Too many financial planners, CPAs and life insurance agents are so busy talking about rates of return that can be earned either in mutual funds, stocks, bonds or even life insurance, that they fail to properly inform you that most Americans are not saving enough money to retire on. In fact, outside a brief spike in the savings rate in the mid-1980’s, savings haven’t even approached the minimal rate of 10% since the 1960’s and 1970’s when Americans saved 10-15% of their income consistently.
With an inflation rate of only 2% annually prices will rise by 50% over 20 years. And with an inflation rate of 3% you will see prices rise by 80% over the same time period. Stretch that to 25 years and prices will double for you. The important thing to understand is that either of these two time frames, 20 or 25 years, is well within the life span of a retired American today.
If you can save 10% of your income over a 40 year period of your life, while earning $50,000, which is $18,000 below the national average income level, then you can generate a nice little nest egg for your retirement. For example, earning merely 6% on that savings would generate over $773,800. But by the time you pay the taxes on that savings you will lose a large portion, nearly $300,000, to be more exact. And that means that you will have to do better because in 40 years it will take $1,777,712 to purchase what $473,800 ($773,800 – $300,000) will purchase today.
But the kicker is that American’s aren’t earning an average 6%. Moreover, they aren’t saving 10%. So the actual numbers are much worse. Imagine if you only save 5% of your income for the next 40 years earning 6%. You would only have $237,500 and some change by the time you retired. And of course, inflation will take its toll on that as well, reducing your purchasing power significantly. In other words, what you can purchase today for $237,500 will cost you $888,619 to purchase 40 years from now.
So while earning a higher rate of return on your dollar is nice, saving more money now is even more important. Here is the reason why. $2500 a year (5% of a $50,000 annual income) earning 8%, will only deliver $114,405 in 20 years. While saving 10%, $5000 a year, earning only 4% will deliver $148,890. Couple this with the fact that most Americans are not saving anywhere near 10% of their income and if you do, that will give you an even bigger advantage over the average American in the coming years.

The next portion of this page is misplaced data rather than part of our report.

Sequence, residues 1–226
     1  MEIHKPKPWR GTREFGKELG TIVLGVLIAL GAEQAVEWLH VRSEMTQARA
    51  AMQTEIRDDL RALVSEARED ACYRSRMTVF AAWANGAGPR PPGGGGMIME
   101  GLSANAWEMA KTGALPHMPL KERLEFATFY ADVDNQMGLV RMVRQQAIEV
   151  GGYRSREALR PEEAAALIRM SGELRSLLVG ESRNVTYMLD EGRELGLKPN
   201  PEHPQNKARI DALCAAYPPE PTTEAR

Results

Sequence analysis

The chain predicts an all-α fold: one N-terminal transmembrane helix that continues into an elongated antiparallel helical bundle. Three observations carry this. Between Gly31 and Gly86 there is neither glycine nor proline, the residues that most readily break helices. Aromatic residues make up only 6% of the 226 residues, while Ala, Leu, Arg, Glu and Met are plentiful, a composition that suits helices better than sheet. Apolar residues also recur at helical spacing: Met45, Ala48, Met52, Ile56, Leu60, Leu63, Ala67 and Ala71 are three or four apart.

But it becomes most significant to save your money in a place that allows you to leverage it and not lose the growth on your savings while you do so. Imagine if you could earn 4% on the 10% of your income that you have saved. And on top of that, anytime you needed money to invest or finance something with, you could leverage your savings and not lose any growth on your saving while doing so.
All you would have to make sure of is that when you leveraged against your savings that you pay it back just like any other loan you would take advantage of. Then, if you can earn a higher rate of return on the investment you make or recover a higher interest rate than what you would pay on that loan against your savings, you come out a big winner.
Here’s an example:
At this point you need to determine if this investment was profitable. And so you do the calculations.
Of course, those who follow this blog know that I am talking about Participating Whole Life Insurance. The only product that allows you, the owner, to create equity. And because of that equity you can leverage your death benefit and still enjoy the guaranteed growth of the policy along with any dividends the insurance company shares with you, while you get to use the money borrowed against your policy to invest or finance anything that you would like. Just make sure that the interest you are paying on the loan against your policy is more than offset by the growth on the investment and you will be in safe waters.
Over time, this process allows you to keep more of the money you make. And as every little bit adds up to mean greater savings for you in your retirement, it makes sense to start your Participating Whole Life Policy sooner than later. That way you will have more opportunity to leverage more money when opportunities show up over your lifetime. And that means you will end up making more money too.